The other rock-cut tomb, the other very impressive–there are many of them in Petra; I’m only showing you two out of a fairly nice variety. But I want to show you the other most famous one, the Khazne in Petra. It also dates to the mid-second century A.D. Once again carved out of the living rock. Once again pure facadism; this is nothing more than a façade. You can see how in this case–once again two-storied–a very similar scheme to what we saw at the Deir–two-storied, with a temple front down below and a tholos above, that is revealed by the splitting of the triangular pediment, as you can see well. Once again the tholos definitely treated as a decorative motif. Yes, in this case it has a statue on a base, but a statue on a base that is not a real statue on a base, but a statue on a base that is carved onto the stone. So once again we get a sense that this is a decorative motif rather than an actual statue standing in the tholos, and the same for the items on the bases on either side. You can see the triangular pediment very well. You can see the way it has been split aside to reveal the tholos. You can see down below a real temple front, in this case.
This one is much closer to its Roman prototypes, in the sense that even the decorative motifs are Roman. Unlike in the Deir, where we saw the Nabataean capitals and the disks, here we see actual versions of the Corinthian order used; the Corinthian order used here. This looks very much like a real temple front, with an actual pediment; sculptural decoration, a frieze as well. We’re beginning to see, in this one, not only the use of the traditional vocabulary of architecture, and not only the enlivening of the surface using that traditional vocabulary of architecture through these–in such a way that it creates motion–projection, recession, projection, recession–but we also are seeing here, in a way that we did not in the Deir, this interest in excess ornamentation: ornamenting every surface that you possibly can, with sculptural friezes, with pedimental sculpture, with statuary carved into the stone in all of the niches. But then again, a much closer relationship to earlier Roman precedence by the temple front, by the use of the Corinthian order. But this one too, a very similar finial at the top of the tholos, but using a kind of Corinthian capital, with one of those vases on top; vases, by the way, that we often see in Second Style Roman wall painting.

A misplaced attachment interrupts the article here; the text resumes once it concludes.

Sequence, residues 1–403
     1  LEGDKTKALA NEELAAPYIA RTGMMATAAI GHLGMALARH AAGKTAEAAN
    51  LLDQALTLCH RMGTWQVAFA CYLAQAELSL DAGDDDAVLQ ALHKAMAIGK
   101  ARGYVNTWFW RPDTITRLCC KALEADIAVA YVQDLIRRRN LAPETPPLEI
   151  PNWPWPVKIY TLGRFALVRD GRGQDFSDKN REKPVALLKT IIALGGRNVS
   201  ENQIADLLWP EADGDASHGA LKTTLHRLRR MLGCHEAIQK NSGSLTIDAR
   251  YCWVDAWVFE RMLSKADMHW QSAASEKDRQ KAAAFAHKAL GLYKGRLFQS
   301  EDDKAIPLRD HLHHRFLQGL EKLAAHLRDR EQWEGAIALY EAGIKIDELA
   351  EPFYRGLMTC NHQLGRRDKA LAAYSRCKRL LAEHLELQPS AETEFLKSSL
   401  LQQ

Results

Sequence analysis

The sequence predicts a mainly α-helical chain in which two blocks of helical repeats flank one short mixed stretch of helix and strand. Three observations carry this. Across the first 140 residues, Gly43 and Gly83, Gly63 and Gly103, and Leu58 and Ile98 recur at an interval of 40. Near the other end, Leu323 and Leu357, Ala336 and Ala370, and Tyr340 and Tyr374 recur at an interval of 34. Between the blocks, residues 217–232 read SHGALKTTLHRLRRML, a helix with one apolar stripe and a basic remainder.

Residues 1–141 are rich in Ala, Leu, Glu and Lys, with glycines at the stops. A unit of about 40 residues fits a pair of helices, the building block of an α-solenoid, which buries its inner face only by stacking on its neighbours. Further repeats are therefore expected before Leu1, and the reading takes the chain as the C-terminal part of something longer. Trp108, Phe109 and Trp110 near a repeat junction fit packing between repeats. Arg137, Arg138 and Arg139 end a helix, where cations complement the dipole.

Once again, one could come up with a lot of comparisons for the Khazne with monuments, with seventeenth-century Baroque buildings in Rome. This may not be the best, but it’s one of my favorites and I decided to show it in this context. But it’s the Church of Santa Maria–it’s right near the Piazza Navona–Santa Maria della Pace, designed by Pietro da Cortona. Same sort of idea; you know, the temple front down below. Yes, this is a different kind of temple front, because it’s a round temple and not one with a pediment. But the same general idea of having a temple front below, and then a second story above, all of this enlivened with traditional vocabulary of architecture–columns, columns, pilasters, a window in the niche, right up there a very interesting segmental pediment inside a triangular pediment. Just to show you that this kind of experimentation that we see in seventeenth-century Baroque architecture, mostly in church building but also in palaces, is so clearly inspired, let’s say, by the baroque architecture of Roman antiquity. A couple more details here. Here’s a wonderful view from down below showing you the tholos of the Khazne at Petra, and comparing it to, once again, some of the confections of Baroque architects in Rome, of the seventeenth century, namely Sant’Ivo again, with its curved façade and wonderful eight-sided dome, and some of the interior decoration also of Sant’Ivo above.